M&A advisors work at firms of various sizes, ranging from solo advisors to boutique firms with two or three senior advisors to mid-sized regional banks with a pyramid structure of partners, mid-level professionals and junior associates. Given that much of the value that an M&A firm brings to the table comes from the experience of its senior bankers and their networks, you’ll want to be comfortable with the involvement and level of attention you get from the senior banker on your deal team. If you’re working with a larger firm, find out what the role of each deal professional will be during the transaction process. You may be comfortable with junior advisors handling the early stages of preparing materials for your company, but you’ll likely want a more senior advisor to bring his or her years of experience to the table when it comes time to have more serious conversations with potential acquirers. Also, inquire into how many clients the firm normally takes on in a year and try to get a sense for how much of their resources will be dedicated to your transaction.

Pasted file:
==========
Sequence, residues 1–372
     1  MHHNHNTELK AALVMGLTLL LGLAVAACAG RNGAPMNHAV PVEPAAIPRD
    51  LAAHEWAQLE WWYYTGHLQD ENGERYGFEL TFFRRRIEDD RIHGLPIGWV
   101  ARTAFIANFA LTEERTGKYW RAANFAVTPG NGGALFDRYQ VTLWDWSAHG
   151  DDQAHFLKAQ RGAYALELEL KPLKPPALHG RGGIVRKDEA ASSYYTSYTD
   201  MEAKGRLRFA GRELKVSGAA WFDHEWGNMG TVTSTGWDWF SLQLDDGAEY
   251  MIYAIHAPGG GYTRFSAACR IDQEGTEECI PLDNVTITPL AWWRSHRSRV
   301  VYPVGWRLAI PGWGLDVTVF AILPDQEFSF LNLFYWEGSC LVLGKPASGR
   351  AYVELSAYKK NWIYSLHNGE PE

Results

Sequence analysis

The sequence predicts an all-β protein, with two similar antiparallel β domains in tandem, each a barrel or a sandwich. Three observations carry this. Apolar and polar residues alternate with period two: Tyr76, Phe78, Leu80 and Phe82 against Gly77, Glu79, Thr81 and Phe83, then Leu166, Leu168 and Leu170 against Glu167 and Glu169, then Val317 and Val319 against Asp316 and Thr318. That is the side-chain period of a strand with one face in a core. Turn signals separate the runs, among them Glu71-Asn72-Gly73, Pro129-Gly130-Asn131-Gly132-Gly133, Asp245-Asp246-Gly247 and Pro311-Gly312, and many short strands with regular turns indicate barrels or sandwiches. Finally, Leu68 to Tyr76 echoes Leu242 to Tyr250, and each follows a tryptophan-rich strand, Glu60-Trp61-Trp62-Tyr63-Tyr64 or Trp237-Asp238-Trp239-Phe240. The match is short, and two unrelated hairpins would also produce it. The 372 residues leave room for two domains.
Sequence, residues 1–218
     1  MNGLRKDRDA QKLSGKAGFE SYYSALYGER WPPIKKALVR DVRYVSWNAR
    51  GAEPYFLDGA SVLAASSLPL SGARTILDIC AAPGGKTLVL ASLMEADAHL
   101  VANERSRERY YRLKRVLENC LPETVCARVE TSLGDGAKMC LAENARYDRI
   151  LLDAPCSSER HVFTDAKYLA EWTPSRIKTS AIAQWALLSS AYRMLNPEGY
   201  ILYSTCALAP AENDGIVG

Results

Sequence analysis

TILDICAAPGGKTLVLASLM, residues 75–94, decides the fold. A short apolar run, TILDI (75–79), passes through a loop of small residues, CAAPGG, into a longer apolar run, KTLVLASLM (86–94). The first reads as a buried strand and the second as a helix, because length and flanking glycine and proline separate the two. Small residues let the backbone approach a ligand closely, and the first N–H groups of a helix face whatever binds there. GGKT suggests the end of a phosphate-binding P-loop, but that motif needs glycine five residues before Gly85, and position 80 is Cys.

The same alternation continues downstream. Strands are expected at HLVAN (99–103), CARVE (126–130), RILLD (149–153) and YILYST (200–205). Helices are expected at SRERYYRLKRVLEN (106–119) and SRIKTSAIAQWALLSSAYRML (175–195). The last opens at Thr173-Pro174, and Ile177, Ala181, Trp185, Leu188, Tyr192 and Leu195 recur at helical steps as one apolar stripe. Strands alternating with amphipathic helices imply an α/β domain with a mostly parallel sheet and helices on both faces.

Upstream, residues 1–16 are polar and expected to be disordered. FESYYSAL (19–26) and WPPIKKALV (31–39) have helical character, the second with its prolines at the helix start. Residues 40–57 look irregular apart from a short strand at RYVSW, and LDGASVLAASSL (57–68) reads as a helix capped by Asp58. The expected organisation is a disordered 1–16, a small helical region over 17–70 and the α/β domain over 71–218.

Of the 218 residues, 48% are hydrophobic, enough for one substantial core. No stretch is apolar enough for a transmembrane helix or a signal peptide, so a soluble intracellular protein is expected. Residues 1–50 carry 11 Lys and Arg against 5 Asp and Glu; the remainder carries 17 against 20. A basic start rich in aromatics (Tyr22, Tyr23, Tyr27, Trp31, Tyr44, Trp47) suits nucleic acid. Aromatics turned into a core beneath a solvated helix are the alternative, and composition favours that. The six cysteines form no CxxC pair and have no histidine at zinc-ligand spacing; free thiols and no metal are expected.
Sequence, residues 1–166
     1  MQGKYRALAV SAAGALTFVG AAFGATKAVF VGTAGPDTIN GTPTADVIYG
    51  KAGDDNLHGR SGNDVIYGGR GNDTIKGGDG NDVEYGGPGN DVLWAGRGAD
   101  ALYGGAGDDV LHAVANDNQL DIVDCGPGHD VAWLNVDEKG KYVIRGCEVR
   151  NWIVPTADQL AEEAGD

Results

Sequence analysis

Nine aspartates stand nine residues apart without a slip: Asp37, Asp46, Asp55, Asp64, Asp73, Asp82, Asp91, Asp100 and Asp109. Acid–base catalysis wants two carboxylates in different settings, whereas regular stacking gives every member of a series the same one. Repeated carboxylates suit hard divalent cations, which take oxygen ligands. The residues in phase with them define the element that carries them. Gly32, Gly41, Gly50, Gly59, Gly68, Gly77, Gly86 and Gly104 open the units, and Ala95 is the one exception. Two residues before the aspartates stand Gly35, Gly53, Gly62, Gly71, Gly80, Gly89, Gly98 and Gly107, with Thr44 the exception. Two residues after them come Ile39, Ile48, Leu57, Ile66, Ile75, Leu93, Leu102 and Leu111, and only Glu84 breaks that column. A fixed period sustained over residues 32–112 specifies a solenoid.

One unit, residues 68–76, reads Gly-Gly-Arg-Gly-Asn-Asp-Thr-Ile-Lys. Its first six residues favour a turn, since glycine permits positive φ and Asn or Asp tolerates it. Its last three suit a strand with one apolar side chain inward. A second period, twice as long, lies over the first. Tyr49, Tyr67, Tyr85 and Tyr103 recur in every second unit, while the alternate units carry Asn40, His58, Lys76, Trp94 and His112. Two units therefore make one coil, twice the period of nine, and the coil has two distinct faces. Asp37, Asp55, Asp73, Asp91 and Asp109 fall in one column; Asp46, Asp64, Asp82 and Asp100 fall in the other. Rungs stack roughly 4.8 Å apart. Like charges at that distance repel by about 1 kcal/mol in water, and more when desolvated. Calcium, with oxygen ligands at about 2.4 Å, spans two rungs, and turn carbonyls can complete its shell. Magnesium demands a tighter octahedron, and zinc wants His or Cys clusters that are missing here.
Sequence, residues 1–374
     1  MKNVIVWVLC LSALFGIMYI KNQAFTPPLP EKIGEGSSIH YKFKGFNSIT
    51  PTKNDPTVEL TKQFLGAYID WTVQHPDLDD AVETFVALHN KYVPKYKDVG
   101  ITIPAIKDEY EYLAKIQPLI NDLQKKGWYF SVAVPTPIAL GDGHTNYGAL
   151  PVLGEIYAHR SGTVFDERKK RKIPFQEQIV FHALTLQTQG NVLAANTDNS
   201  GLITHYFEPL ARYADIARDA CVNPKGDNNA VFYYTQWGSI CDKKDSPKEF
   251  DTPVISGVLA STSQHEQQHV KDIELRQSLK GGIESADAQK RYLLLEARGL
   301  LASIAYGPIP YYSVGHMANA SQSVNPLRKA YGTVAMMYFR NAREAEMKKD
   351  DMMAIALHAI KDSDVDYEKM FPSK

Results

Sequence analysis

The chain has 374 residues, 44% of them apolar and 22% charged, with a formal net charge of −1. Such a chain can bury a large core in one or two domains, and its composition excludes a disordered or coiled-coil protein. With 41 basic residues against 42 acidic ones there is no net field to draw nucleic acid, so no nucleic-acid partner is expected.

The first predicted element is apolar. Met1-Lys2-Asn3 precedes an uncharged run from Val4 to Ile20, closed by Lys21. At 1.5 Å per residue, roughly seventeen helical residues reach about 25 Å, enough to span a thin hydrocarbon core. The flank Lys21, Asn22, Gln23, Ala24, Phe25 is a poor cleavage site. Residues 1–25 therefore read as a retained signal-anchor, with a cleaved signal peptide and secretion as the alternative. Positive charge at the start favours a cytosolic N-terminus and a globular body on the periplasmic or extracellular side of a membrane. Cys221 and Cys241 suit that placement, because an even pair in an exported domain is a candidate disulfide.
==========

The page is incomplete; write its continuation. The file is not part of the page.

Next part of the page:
Good M&A advisors are informed enough on industry trends, current market activity, average multiples and other valuation factors to provide a ballpark figure for what your company is worth. If that valuation assessment is not in line with internal expectations, feel free to disagree. Just be prepared to justify your number with your own valuation methodologies. Be careful not to enter the conversation with unrealistic expectations about your company’s value and be sure to listen to how your advisor arrived at his rationale. And lastly, remember that, at the end of the day, don't forget that your business is only worth as much as someone is willing to pay for it.
If you would like to learn more about how to achieve a high M&A Valuation, check out our white paper.